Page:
with a particularly clueless review of Lydia Diamond's Stick Fly, which has reached Broadway after taking several regional theatres by storm (in Boston, the show was so sold out that long lines of people waited patiently outside the Huntington every night in the hope that some ticket-holders would be no-shows). To most observers (including yours truly), Stick Fly looked like the next August: Osage County; if not a commercial slam dunk, then a highly probable success.
Isherwood's pan has thrown a wrench into all those plans, of course (Stick Fly could overcome a negative Times review, but it's unlikely) - so it's no surprise the usual suspects have pointed out that he's white, and that Diamond is black. So how could he understand her play?
The situation is a bit more complex than the blogosphere would like to admit, however, because what's most interesting about Diamond's drama is that it's about class first, and race second; in fact its (almost-) entirely African-American cast is monied and educated, so for the first time in American stage history (perhaps), Broadway audiences find themselves watching a 'well-made' play of upper bourgeois manners in which questions of race have been (to a large degree) transcended, while questions of class and privilege remain entrenched.
And you know, I hate to sound like a school-marm, but this is important; it makes Stick Fly a kind of milestone, whatever its various flaws - and yes, it does have some; it does tilt occasionally toward soap opera, I admit. But seriously, only a fool could imagine it's not a good play - a solid entertainment that could appeal to a large, literate audience and leave them with big, tasty topics to chew on. Sorry, but this is part of what Broadway is for (or should be for).
Still, "the Ish" is blind to the play's significance. I'm not sure if it's because he's (very) white, however (of course I've been the object of that kind of accusation myself, so perhaps I'm too sensitive to it).
No, to me the issue with the Ish may be that he's just too gay.
Now I'm gay too, so let me explain. Look carefully at the style of his takedown (and it's typical of many of his takedowns, btw). He opens with one of his self-consciously "fabulous" wisecracks:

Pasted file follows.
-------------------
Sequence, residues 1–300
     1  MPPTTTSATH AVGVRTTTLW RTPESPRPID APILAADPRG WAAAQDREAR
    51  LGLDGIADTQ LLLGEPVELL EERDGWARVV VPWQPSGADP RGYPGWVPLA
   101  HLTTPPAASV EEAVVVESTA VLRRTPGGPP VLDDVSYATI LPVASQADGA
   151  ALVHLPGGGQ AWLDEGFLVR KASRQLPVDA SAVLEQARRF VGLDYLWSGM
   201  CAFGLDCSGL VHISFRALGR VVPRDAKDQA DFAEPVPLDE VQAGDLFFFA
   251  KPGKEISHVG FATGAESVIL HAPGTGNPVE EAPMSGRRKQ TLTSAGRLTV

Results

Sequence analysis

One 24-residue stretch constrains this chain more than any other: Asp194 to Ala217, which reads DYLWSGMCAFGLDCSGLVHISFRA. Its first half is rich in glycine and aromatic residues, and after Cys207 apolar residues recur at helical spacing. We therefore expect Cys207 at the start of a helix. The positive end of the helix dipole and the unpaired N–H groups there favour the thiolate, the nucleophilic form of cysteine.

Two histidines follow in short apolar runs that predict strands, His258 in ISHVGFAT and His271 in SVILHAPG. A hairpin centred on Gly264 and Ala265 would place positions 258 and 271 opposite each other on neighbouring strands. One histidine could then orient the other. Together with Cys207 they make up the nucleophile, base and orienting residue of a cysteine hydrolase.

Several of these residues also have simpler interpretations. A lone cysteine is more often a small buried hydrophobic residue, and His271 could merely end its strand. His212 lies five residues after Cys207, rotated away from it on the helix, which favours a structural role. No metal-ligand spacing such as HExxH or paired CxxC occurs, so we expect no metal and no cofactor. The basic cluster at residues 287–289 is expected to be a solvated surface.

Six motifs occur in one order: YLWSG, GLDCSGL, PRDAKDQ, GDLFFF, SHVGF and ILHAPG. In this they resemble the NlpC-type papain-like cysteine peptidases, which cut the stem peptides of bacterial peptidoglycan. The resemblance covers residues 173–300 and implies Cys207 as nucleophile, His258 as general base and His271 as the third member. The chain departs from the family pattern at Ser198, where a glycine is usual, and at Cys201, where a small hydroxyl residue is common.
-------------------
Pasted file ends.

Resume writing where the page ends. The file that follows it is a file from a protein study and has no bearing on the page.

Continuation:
The daytime soaps are being bug-zapped from the networks one by one, disappearing into oblivion after decades of reliably dishing out startling coincidences and staggering secrets.
Studded with gay cultural touchstones ("daytime soap," "dish"), the pan is already, from its opening line, a blend of several modes of post-modern pop - the Ish confidently mixes a certain mode of trashy taste (stereotypically beloved by women) with a dash of patronizing lit-crit savvy, as well as a shot of naughty gay "oh-you-know-you-love-it" knowingness. This is a familiar formula, but the Ish dishes it better than just about anyone.
You may sense immediately, however, that these tropes may not map to the concerns of the African-American haute bourgeoisie. But the Ish seems tone-deaf to this issue; he doesn't realize he's a stranger in a strange land. Indeed, the cultural sophistication of Diamond's dialogue and the fact that she's consciously taking on a "white" mainstream tradition seem to short-circuit whatever larger social perspectives linger in his brain. Thus he totters on through his column inches with one quip after another, like a drag queen on a bender staggering around a stripper pole:
Where to go for a sustaining dose of torrid, troubled romances and the occasional heated catfight? he wonders, and then ( just in case none of the ladies who lunch has answered, I guess) he lets us know: Lydia R. Diamond supplies enough simmering conflict, steamy romance and gasp-worthy revelations to satisfy just about anyone suffering withdrawal symptoms from the merciless soap slaughter that’s taken place over the last couple of years.
And you have to wonder - does he never come up for air? Because the soap-addicted gay tropes just keep on coming: "daddy issues" . . . "a Tyler Perry melodrama" . . . "sitcommy and slack" . . . Isherwood does eventually pick up on the issues of class that pervade this "melodrama" (I'd call it a "drama"), but even here he seems to imagine that Diamond is stumbling on these things unintentionally (perhaps because he is - the Ish never seems to realize that his ironic embrace of "trash" is really just another form of class-bound snobbery).
Now the New York production may be far weaker than the well-acted version I saw in Boston last year; it's possible, but I kind of doubt it. I think it's far more likely that the Ish simply latched on to the admittedly sudsy tone of one or two of Diamond's sub-plots, and then worked backwards from them in his usual gay-cookie-cutter-style to a condescending dismissal. The upshot, however, is that he seems to be ridiculing the African-American upper class as well as Diamond; to him, a straightforward drama about its success and complicated mores is little more than a soap opera.
And to be blunt, I don't think a straight white man would make the same mistake (they're too cautious these days!). And it's not too much of a stretch to imagine that gay tunnel vision is what makes Adam Rapp a mystery to the Ish as well; the gays don't much "get" damaged straight boys either. (In fact there are a lot of things the gays don't get; no, that doesn't make me "self-hating," it just means I appreciate the strengths and the limits of my own tribe.)
So whats the solution? No, not a witch hunt against other white, or other gay, reviewers. But it's time for the Times to hire a second second-stringer. Past time, probably. And it's time for Charles Isherwood to turn off the porn, get off the couch, and start to learn a little more about the big, wide, changing world around him, and the Broadway play's place within that world.